Coming into this episode, the season arc needed a good kick in the pants; the writers simply havenât been giving the audience much to enjoy to this point. This episode is a nice improvement overall, even if some of the elements feel borrowed from past seasons.
The latest step in the terrorist plot (which seems rather well organized for what was presented as a last-minute backup plan earlier in the season) is relatively elegant in its simplicity. Taking Kayla hostage allows the terrorists to use her as a bargaining chip for âFile 33â. This effectively forces President Hassan to reveal to CTU and the Taylor administration that they have a great deal of vital US National Security documentation. (This is something Tarin would have likely known all about, given his prior position.)
The terrorists know that the US would never allow Hassan to hand over such information. Instead, it is a ruse to buy time to prepare the real means of knocking down the security capabilities in the NYC Metro area. Kayla is allowed to âescapeâ in a car rigged with an EMP device, set to detonate within or close to CTU. The net effect is the annihilation of counter-terrorism resources in the city.
This was a good twist because almost everyone involved should have known better. How many times has CTU been attacked or otherwise compromised? Yet the writers have already made it very clear that the new CTU has a number of weaknesses, not the least of which a lack of experience. Director Hastings is also a man of little patience. Nothing in the episode pointed to a sneak attack, but there is a feeling that complacency and inexperience played a role.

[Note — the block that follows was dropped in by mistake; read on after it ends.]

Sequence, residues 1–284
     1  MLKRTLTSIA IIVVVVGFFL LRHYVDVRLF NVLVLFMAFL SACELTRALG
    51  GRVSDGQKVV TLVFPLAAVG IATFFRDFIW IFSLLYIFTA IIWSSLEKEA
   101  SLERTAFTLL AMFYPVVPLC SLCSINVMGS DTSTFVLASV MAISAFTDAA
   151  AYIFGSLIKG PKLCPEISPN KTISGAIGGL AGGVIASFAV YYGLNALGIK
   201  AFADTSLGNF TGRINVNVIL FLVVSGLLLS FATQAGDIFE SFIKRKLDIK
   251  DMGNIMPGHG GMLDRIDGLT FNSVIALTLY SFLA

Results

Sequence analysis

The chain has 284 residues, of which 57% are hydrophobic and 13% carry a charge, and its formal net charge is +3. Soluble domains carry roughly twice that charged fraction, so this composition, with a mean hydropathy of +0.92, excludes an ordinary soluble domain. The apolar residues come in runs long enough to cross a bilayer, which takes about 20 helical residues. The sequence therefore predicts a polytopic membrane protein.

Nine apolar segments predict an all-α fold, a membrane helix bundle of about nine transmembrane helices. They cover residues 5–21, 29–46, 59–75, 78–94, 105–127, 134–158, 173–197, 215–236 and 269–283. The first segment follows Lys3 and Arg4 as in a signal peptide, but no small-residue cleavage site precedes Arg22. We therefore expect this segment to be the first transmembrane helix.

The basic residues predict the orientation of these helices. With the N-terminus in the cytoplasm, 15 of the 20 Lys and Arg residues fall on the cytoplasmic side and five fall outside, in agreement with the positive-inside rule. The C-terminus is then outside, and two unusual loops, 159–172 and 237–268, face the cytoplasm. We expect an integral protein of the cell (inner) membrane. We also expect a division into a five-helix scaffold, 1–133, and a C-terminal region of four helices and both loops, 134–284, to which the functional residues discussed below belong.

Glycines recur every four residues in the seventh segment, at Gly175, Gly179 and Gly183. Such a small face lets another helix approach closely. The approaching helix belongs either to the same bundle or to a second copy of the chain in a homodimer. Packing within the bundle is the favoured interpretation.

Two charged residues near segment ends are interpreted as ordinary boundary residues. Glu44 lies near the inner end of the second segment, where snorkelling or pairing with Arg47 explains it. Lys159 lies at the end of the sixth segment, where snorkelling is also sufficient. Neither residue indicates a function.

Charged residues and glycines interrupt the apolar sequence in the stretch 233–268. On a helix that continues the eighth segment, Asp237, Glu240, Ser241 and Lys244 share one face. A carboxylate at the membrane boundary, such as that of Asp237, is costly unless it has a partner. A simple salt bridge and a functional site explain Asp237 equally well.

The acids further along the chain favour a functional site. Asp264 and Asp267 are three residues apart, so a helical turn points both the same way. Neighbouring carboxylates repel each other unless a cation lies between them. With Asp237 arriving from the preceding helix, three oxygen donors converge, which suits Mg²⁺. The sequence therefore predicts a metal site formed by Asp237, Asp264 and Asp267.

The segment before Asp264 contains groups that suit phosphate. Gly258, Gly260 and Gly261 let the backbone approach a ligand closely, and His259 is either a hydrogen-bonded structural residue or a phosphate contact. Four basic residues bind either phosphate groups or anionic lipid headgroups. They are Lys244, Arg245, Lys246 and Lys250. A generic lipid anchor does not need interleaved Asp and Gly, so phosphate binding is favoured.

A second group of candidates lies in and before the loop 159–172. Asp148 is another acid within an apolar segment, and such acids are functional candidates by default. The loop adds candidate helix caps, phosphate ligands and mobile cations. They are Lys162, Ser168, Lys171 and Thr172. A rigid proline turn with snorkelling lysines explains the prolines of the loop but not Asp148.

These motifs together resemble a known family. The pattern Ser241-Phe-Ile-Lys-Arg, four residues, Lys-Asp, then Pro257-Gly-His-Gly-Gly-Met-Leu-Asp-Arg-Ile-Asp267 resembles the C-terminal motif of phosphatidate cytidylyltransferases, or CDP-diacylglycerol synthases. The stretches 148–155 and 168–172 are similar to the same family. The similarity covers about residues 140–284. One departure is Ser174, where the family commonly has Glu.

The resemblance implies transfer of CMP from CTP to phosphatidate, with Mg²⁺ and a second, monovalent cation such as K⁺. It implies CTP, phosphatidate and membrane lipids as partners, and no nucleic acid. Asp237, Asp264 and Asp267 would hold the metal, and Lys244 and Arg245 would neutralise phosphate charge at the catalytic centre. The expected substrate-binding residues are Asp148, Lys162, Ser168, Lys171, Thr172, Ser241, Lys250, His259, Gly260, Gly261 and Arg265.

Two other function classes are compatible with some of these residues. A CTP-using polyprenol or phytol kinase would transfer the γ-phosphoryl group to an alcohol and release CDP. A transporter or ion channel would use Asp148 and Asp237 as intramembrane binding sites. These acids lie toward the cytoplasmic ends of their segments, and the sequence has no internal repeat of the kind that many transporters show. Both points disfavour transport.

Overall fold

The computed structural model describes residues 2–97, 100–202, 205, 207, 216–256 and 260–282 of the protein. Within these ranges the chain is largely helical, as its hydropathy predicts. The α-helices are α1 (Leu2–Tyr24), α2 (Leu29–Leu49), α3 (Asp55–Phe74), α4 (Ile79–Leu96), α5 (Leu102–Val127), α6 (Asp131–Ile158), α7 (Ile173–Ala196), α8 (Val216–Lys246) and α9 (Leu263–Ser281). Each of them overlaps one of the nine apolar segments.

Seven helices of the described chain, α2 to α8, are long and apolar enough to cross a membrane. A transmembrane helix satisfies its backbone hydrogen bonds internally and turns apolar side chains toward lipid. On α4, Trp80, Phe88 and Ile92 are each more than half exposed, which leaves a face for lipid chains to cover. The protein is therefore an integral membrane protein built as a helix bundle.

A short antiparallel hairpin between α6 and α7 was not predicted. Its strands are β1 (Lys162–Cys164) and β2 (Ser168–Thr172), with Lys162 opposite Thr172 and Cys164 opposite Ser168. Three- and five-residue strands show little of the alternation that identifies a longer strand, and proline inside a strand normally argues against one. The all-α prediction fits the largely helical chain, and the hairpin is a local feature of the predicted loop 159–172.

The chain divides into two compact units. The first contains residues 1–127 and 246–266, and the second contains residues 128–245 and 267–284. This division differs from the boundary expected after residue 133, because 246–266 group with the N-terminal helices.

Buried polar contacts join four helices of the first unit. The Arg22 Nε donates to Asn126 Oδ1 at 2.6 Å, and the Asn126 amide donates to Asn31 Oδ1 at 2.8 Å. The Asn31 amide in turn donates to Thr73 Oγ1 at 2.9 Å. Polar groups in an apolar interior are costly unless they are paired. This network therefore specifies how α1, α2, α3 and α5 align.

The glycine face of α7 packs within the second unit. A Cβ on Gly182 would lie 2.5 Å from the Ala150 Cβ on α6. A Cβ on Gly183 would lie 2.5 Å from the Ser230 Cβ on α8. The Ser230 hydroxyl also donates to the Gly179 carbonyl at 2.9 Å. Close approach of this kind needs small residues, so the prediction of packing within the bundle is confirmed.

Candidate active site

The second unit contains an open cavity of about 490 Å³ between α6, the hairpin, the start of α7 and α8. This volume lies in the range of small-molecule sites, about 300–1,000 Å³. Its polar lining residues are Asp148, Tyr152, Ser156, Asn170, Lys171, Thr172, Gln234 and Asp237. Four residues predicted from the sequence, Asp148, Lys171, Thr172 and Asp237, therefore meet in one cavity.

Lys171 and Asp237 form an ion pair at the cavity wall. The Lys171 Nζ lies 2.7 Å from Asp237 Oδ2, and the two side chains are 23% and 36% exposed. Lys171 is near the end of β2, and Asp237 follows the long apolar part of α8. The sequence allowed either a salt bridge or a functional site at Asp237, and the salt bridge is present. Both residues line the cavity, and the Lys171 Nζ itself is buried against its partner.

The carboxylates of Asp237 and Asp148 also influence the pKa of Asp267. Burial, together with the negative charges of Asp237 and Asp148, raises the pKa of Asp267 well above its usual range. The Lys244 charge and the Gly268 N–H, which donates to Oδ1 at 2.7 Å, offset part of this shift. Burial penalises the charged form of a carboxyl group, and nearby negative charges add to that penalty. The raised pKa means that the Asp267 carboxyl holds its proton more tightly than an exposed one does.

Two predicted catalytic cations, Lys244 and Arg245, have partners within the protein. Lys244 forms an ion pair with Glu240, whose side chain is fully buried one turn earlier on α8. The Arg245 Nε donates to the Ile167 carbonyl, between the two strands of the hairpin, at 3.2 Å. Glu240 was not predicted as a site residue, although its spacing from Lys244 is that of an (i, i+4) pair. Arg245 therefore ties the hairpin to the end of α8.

But even Jack missed this particular gambit, which was surprising. Usually Jack is the first one to put the pieces together and realize the true implications. He gets a pass because he was in the field, focused on the mission, but itâs still a bit uncharacteristic. Having CTU miss the signs and portents aligns with the theme of facing and learning from the mistakes of the past (or not, in this case). Jack is supposed to be the one person that has learned the lesson.
Of course, this does set up Jack as the only viable agent with enough experience to keep the investigation going while CTU picks up the pieces. Agent Ortiz and his team are on hand to help Jack as much as possible, but heâs just as likely to call on familiar faces to help. There arenât many left, but this could be how Renee comes back into the picture.
As usual, the main weakness of the episode is Danaâs subplot, even if it was more involving than in the past. Granted, itâs all relative; the story is still dumb as rocks. Prady seems to have quick access to documentation and personnel that wouldnât logically be available in the middle of the night, let alone in the middle of a major national security crisis. And the moment he stepped out of the conference room, Security should have been tossing him in a cell (or beating him into a pulp).
Which suggests, of course, that Prady isnât concerned with the law at all. He may be a parole officer, but heâs also more than likely aligned with Kevin and his psychopathic friend. At least, thatâs the hope; otherwise, his actions and timing are out of proportion, given the circumstances. (And again, why wouldnât Dana just go to Hastings, tell him that Prady is interfering with her work and barking up the wrong tree, and be done with it?)
Once again, the problem here is that Dana is a ridiculously bad liar, which undermines the notion that she could have faked her identity so well that the CTU vetting process wouldnât have uncovered the truth. It doesnât seem likely that she could have hidden her PIN number, let alone her criminal past!
Overall, this was a much stronger mid-point episode than the rest of the season would have suggested, but there are still plenty of lingering issues. Danaâs story in particular has been the albatross around the seasonâs neck, and itâs apparently not going away. With the fate of the series in flux, one would hope the writers were trying to go out on a high note.